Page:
## Bite 258. What the flux?

One of the benefits of accounting is being able to see the financial position of a company at a point in time by viewing financial statements. Financial statements usually present financial information for multiple years side by side, as it is very useful to then see how the company's financial health changes over time by comparing the balances from one year to the next.

#### Balance Sheet Example

Let's look at a sample of the assets from a comparative Balance Sheet of ABC, Inc. as of 12/31/2020 and 12/31/2019. Note this is a very simple example, with just a small number of accounts:

```Line Item                    12/31/20        12/31/19

ASSETS
Cash                             \$500            \$300
Accounts Receivable               200             100
--------------------------
TOTAL ASSETS                      700             400
```

The amounts under each year provides important and useful information about the company for that year, but the real rich information lies in the change in balances from one year to the next. This is referred to as the `fluctuation`, or `flux` for short.

#### Calculating the Flux

A `flux` can represent the `dollar amount` of the change, as well as the `percentage` change. The dollar amount flux is calculated by subtracting the balance in the prior year from the current year. The percent flux is calculated by dividing the dollar flux by the prior year amount. Next, one would typically identify large fluctuations that should be explained, using a minimum dollar and % change threshold.

#### We're accounting on you now

Now that you understand the basics of calculating a flux and identifying the line items that are over a threshold, it's time to help us do a flux analysis. You may find `pandas` is a good library to use, or if you want a real challenge, you can try using just the standard library!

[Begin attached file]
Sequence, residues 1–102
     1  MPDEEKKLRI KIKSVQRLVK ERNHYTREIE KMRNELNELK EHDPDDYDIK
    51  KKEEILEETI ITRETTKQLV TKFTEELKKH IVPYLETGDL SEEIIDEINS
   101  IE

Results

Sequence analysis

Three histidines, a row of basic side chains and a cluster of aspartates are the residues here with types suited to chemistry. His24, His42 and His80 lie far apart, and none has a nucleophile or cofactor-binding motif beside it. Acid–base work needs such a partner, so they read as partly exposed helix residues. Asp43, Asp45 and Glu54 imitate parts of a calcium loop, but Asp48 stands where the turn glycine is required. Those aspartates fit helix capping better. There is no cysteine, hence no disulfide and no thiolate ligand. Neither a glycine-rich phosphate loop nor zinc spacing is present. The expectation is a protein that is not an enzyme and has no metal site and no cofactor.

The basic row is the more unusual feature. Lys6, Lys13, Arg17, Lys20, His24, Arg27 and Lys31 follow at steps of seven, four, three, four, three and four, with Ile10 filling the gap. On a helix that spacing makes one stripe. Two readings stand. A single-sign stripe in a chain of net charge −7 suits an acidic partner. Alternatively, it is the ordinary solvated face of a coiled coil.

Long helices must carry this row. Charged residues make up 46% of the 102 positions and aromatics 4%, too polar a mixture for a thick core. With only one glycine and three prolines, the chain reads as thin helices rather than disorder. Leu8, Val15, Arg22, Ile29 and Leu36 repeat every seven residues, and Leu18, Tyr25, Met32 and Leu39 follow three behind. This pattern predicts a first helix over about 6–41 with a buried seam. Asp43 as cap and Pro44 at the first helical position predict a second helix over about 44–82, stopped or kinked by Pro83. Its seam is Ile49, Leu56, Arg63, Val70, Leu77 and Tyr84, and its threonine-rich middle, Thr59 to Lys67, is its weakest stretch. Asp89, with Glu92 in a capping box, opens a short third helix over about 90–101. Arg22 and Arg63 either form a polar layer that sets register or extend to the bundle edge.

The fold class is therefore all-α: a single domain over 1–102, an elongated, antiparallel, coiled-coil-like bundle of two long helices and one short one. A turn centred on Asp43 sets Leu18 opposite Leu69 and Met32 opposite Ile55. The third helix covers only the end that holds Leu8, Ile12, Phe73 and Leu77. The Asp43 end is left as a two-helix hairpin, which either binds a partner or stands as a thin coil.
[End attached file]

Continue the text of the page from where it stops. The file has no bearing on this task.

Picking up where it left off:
Within the `calculate_flux` function:

1. Read in the financial statement line items from the csv file `xyz.csv`. The three columns are Account, 12/31/20, and 12/31/19. Make sure the amounts are treated as integers.
2. Create a Dollar Flux column that represents the 12/31/20 balance minus 12/31/19 balance.
3. Create a Percentage flux column that represents the dollar flux divided by the 12/31/19 balance.
4. Return a list of tuples, with each tuple representing one row from the financial statement, including the two new columns.

Within the `identify_flux` function:

1. Use the `calculate_flux` output as the parameter.
2. Using the empty list `flagged_lines`, iterate through the financial statement lines, and if both the dollar and percent flux amounts (make sure to use absolute values) are over the threshold amounts in THRESHOLDS, add the whole tuple to `flagged_lines`. (Note: If the prior year balance is \$0, then the % should be considered above the threshold)
3. Return the `flagged_lines` list, which will be a list of tuples that only includes those line items that meet the threshold criteria.

Good luck and don't forget, keep calm and do accounting in Python! PS - if you want to learn more ways to do accounting in Python, check out the Pythonic Accountant youtube channel.